So, I know it's possible to eat gluten free, but is it also possible to eat healthy on the road? I'm sure it is, but I haven't quite figured it out yet. I think for my next trip I need to not only research places with gluten free food, but also restaurants in general that may have some healthy vegetables and protein. There are probably restaurants around that could give me a decent meal, but I just don't know where they are.
On my last trip I was actually able to construct a healthy dinner out of food I found at a gas station: Yogurt, fruit and cheese (meant for children...), and veggies and dip. I tried to find something like this last night but couldn't.
Anyone have any tips on healthy gluten free traveling (besides the obvious answer of gaining some self control and bringing food along)? Help please.
*Note: Many people choose not to eat fast food french fries for cross contamination and gluten in the oil reasons. People have gone back and forth on this issue. Unless french fries are coated in gluten, I personally eat them and have never had a problem.
Saturday, March 10, 2012
Today is my "blogiversary", as the kids say. For those of you not so hip and with it, that means I've had this blog for a year today. That's a pretty long time. But at the same time, being gluten free is such a part of my life these days that sometimes it's hard to believe I've only been gluten free for a year and a half.
But anyway, I digress from the point of this post. I'm back in Pennsylvania for work again and I stopped by The Wild Tomato in Harrisburg yesterday. I learned about it a few months back when I was doing my initial research on gluten free restaurants in Pennsylvania. I didn't actually need to be in Harrisburg this trip, but I had to drive through the area and was deciding between stopping at The Wild Tomato or Pizza Sorrento in Hershey. Then, I was reading my new issue of Delight Gluten Free Magazine on the train here and they coincidentally had a small blurb about The Wild Tomato from someone in the area and I just had to go.
The Wild Tomato is a small family owned and operated restaurant that does take out, delivery, and catering. They specialize in pizza, grinders, and pastas. 97% of their menu can be made gluten free. I tried the Little Italy gluten free pizza. It was great. What I especially liked about it was the tomato sauce. I'd also be interested in trying the Sausage and Peppers pasta and one of the sandwiches.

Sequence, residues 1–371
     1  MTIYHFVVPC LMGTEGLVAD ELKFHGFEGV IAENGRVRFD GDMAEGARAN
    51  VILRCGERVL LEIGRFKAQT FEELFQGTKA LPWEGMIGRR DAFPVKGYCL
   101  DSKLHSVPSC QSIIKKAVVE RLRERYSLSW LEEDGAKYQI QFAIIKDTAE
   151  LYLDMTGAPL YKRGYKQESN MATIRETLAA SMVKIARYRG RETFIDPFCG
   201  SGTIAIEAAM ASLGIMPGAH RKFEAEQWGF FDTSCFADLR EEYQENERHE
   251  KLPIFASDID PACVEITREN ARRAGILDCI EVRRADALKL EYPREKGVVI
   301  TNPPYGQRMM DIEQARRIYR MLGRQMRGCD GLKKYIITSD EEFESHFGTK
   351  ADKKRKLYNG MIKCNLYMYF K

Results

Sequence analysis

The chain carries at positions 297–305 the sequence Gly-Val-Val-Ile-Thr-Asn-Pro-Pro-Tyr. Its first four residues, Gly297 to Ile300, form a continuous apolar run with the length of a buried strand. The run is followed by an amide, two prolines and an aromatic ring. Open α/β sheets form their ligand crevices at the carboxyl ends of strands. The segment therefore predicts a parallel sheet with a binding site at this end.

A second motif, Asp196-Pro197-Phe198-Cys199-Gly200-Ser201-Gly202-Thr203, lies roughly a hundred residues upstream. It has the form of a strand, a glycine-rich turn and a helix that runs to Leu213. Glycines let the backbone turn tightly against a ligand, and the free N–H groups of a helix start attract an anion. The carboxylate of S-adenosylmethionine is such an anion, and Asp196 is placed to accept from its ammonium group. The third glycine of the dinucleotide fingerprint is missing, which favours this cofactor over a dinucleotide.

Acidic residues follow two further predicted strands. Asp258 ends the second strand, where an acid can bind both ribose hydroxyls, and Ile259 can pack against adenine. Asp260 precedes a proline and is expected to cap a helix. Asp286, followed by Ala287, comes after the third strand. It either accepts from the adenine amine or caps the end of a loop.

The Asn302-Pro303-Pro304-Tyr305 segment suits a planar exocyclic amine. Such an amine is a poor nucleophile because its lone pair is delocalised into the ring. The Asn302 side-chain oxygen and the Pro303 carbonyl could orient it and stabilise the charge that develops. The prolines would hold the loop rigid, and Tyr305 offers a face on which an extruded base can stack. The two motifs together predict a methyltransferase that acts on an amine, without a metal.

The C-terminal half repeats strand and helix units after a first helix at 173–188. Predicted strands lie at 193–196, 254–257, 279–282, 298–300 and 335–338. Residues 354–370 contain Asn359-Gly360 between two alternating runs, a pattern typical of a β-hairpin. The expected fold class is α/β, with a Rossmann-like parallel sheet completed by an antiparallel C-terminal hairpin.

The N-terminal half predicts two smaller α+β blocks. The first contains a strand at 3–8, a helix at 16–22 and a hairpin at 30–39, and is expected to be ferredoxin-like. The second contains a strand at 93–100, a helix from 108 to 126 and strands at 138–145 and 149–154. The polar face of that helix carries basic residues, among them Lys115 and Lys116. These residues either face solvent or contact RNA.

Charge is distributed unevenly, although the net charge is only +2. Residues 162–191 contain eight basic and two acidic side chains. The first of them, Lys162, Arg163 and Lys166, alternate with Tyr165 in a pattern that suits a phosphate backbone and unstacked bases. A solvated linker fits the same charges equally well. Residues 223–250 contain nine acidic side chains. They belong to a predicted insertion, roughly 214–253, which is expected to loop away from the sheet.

For those of you that only like to eat at certified gluten free restaurants, this place is certified by the Gluten Intolerance Group (GIG) and seems to really understand and care about food allergies. Between the good food, friendly staff, and gluten free assurances of this place, I would definitely come back. I suggest you try it too.
Friday, March 9, 2012
Now's the time for my BIG REVEAL: my friend Mallory over at Total Noms and I have started our own cookie company! Mile End Bakery offers gluten free cookies as well as cookies made with wheat flour. We have chocolate chip, snickerdoodle, ginger, oatmeal, nutella, and peanut butter cookies for your enjoyment. If you can't choose we also offer a sample pack of all six. They look like this:
|Clockwise: Ginger, Snickerdoodle, Chocolate Chip, Peanut Butter, Oatmeal Chocolate Chip, Nutella|
Mallory makes our regular cookies and I make our gluten free cookies. Our gluten free cookies are made in a different kitchen with dedicated gluten free utensils and quality gluten free ingredients. You can order these delicious cookies on our Etsy store. We ship anywhere in the continental US.
Mallory and I met in college at McGill in Montreal, Canada. Stemming from our love of Montreal, we decided to name our company Mile End after a cute neighborhood in the city. I am very excited about this new venture and I highly suggest you give our cookies a try!
You can see us on Facebook here or follow us on twitter here.
And now for a shameless plug: My man friend and I were feeling ambitious at the same time and while I was starting a cookie company, he started his own personal training company. If you find you are eating too many cookies and need some help to balance it out, check him out at jtwfit.com.
Sunday, March 4, 2012
|This was the view from our room. It's ok to be jealous.|
Last year my man friend and I went to Mexico. It was my first vacation gluten free and I was kind of nervous about it. I quickly realized that with so many options available at a resort buffet, eating gluten free was easy. I had a similar experience this year, which is why this post is about eating at all inclusive resorts, rather than Jamaica.
Whether the resort is big or small, they are feeding so many people that there will always be gluten free options. I don't mean gluten free pasta or bread. That you certainly won't find. But there will always be a plethora of fruits and vegetables, along with fish, meat, and rice. This covers lunch and dinner, and for breakfast there are always eggs, potatoes, fruit, and yogurt.
This trip I didn't knowingly eat any gluten or take nearly as many chances as last time. I still let a few things slide that I wasn't positive on like jerk chicken and curry goat (the sauces being the potential problem), but I didn't get sick once. I can't speak on cross contamination, and while I'm pretty sensitive and was fine the entire time, this might be a cause for concern for some. However, the staff at these places are usually pretty great, and if you want to take the time to ask, I highly recommend it.
All in all, with all the food options at all inclusive resorts, eating gluten free is easy. You might not always get what you want to eat, but at least you aren't going to starve. Have some lunch and go drink a pina colada on the beach. No problem.